"Pastor Charlie Woodward", "Charlie Woodward"Pastor Charlie Woodward writes a daily devotion for the pandemic days until things are back to “normal,” whenever that may be. As the title states, we are in the wilderness alone, but we are still together. We may feel isolated and on our own. But we are in this together. I want to make sure we have an opportunity to stay connected. Each devotion will include a Bible verse, a brief reflection and prayer.  

Find a link to each day’s devotion below, or sign up here to receive the devotions to your inbox every morning. Choose the Devotions distribution list.

This is an opportunity for us to be present with each other in the days to come. You can be present by sharing your comments, insights, prayers and pictures in response to what Pastor Charlie shares in the coming days. For we are in this together. And where two or three are gathered in God’s name, God is present, too.

Happy Fourth!

Psalm 118:21-24

21 I thank you that you have answered me

    and have become my salvation.

22 The stone that the builders rejected

    has become the chief cornerstone.

23 This is the Lord’s doing;

    it is marvelous in our eyes.

24 This is the day that the Lord has made;

    let us rejoice and be glad in it.


John 8:31-33

31 Then Jesus said to the Jews who had believed in him, “If you continue in my word, you are truly my disciples; 32 and you will know the truth, and the truth will make you free.”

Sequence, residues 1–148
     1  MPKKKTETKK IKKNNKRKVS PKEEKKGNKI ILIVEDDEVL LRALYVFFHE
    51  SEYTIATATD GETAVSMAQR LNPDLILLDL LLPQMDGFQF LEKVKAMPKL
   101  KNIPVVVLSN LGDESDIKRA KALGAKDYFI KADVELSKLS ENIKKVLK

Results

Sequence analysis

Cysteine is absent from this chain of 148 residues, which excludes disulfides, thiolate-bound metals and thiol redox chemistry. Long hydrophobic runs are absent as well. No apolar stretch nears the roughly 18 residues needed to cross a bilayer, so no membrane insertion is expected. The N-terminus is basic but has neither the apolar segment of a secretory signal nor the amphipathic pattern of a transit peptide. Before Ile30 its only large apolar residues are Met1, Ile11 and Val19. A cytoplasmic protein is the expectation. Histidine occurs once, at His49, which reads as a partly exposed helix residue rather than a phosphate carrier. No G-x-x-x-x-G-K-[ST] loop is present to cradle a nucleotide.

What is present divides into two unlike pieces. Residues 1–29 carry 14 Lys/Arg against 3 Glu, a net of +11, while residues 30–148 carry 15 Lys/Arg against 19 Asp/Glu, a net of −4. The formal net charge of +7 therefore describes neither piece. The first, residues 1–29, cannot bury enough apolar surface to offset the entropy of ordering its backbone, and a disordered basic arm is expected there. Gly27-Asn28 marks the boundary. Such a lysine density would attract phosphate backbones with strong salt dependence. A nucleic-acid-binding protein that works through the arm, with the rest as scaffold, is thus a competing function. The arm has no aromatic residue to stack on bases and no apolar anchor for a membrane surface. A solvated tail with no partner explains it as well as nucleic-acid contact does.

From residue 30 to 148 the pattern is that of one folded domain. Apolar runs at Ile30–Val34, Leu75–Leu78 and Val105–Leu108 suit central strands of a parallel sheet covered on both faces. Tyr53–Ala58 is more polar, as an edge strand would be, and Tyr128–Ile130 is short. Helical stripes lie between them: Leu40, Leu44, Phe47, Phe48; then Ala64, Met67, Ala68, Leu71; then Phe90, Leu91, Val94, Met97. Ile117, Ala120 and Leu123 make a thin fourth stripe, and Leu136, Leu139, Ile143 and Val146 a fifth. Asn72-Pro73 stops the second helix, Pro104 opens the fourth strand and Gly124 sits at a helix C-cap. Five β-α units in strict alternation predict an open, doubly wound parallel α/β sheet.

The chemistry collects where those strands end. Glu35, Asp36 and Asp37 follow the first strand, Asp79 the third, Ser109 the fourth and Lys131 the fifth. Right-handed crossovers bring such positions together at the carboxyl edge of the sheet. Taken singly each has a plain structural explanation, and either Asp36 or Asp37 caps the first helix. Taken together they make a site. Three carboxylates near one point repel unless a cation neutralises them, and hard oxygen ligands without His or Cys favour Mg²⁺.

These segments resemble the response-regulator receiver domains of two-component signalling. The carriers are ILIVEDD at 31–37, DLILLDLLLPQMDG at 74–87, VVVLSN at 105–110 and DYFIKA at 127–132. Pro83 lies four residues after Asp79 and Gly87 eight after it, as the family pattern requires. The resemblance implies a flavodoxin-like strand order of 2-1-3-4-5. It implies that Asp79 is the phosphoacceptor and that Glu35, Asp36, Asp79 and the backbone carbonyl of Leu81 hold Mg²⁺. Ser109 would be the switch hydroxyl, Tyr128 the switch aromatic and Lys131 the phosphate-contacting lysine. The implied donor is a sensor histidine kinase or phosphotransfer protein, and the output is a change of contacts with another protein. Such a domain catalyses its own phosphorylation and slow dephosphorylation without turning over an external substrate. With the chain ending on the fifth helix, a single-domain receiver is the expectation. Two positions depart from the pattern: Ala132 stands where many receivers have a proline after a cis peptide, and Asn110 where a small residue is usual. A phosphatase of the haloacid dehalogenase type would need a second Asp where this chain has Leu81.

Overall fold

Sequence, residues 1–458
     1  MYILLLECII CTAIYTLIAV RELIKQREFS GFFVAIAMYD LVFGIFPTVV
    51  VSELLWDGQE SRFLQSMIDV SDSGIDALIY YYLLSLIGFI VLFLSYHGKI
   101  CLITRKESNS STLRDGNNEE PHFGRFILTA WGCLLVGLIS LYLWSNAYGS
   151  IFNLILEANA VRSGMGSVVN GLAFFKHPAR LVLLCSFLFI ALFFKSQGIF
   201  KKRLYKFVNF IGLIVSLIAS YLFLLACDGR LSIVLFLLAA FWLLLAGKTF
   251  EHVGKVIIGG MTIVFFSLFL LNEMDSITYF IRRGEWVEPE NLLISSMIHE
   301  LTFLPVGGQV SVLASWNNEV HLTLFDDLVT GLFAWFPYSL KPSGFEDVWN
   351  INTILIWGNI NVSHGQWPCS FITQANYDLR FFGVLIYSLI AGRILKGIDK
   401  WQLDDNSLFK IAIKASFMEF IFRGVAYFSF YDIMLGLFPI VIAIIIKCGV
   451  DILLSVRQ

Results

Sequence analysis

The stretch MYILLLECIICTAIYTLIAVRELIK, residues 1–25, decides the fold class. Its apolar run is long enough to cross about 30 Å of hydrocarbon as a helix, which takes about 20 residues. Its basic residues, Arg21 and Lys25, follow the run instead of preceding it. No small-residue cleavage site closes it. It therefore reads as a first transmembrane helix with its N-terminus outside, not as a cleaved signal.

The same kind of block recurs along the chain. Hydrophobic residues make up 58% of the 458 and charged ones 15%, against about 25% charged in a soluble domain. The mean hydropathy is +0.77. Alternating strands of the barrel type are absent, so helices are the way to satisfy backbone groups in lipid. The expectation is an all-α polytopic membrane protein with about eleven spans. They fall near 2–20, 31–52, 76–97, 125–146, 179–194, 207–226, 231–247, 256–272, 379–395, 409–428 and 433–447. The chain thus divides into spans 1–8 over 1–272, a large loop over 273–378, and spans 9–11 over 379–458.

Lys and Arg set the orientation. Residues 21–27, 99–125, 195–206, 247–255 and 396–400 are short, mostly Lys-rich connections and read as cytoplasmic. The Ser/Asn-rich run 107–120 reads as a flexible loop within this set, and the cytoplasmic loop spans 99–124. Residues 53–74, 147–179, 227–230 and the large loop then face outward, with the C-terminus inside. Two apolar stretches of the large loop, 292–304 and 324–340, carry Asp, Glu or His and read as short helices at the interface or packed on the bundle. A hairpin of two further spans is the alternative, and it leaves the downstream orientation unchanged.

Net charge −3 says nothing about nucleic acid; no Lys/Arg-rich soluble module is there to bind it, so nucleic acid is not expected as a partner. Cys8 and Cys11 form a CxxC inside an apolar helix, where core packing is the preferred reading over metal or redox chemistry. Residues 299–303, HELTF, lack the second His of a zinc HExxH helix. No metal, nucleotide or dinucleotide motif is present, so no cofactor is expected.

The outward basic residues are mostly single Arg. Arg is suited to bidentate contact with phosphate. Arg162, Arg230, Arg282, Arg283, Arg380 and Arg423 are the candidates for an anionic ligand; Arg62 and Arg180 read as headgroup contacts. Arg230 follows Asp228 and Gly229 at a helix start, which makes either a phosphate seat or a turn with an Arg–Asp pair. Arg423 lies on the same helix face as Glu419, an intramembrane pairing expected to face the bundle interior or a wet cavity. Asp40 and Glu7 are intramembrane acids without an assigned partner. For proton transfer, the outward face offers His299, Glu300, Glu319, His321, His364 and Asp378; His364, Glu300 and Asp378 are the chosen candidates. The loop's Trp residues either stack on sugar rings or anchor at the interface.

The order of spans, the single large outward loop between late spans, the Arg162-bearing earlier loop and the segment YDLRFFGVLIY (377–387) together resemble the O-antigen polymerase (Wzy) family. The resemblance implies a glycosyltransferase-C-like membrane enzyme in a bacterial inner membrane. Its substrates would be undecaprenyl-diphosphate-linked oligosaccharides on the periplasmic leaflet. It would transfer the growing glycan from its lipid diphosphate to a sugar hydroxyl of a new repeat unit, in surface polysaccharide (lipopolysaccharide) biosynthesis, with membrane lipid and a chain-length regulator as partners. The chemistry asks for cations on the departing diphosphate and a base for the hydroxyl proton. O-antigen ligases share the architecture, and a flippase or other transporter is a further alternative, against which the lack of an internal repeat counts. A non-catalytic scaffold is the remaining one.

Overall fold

Galatians 5:1a

For freedom Christ has set us free.

Happy Fourth of July! I picked readings for today for the holiday, and the promises of God we receive to live free. Free to worship God without fear. Free to live as God’s beloved. Free to experience the blessings God gives us. Free to enjoy the wonder of God’s creation.

For me, freedom and joy seem to go hand in hand.

A day that sums that up best for me is the day Lisa and I asked our good friends, Ingrid and Chip, to be the maid of honor and best man for our wedding.

Chip, Lisa and I drove up from Mount Pleasant (home of THE Central Michigan University) to Big Rapids, where Ingrid was going to school at the time. We planned a day of tubing down the Muskegon River. We picked up Ingrid and her car and drove to the church where Ingrid attended – they had inner tubes for people to borrow for the day.

We had a problem to solve. There were four of us, plus four tubes and two cars – a Pinto hatchback and a Chevy Chevette. Two VERY SMALL cars. How to make this work?

We needed to take the two cars, four tubes and four people to the starting point. Two people and four tubes were dropped off. Two people then drove the two cars to the end of the river and dropped off a car and returned to the starting point. We got in the tubes, floated down the river and had the most relaxing, enjoyable day.

Half way down the river, we decided to do it again.

So when we got to the end of the run, we got out of the river, and two people got in the one car, went back to the beginning of the river and picked up the second car, brought it back to the end of the river and picked up the four tubes and two people and then headed back to square one.

Oh my!

Yes, Ingrid and Chip accepted our invitation to be our maid of honor and best man. We give thanks to God for their friendship and support.

That day back in 1983 is a day I will never forget. We were free to enjoy the wonder of God’s creation with good friends and a lot of great memories.

It was a day the Lord had made, and we DID rejoice in it.

What are the days of freedom and joy that you cherish?

Thank God for them!

Let us Pray: 

Thank you for your blessings on us, and on our nation. May we never take the freedom you give us for granted. Thank you for today! In Jesus’ name we pray. Amen

We Cannot Free Ourselves

Romans 7:7-20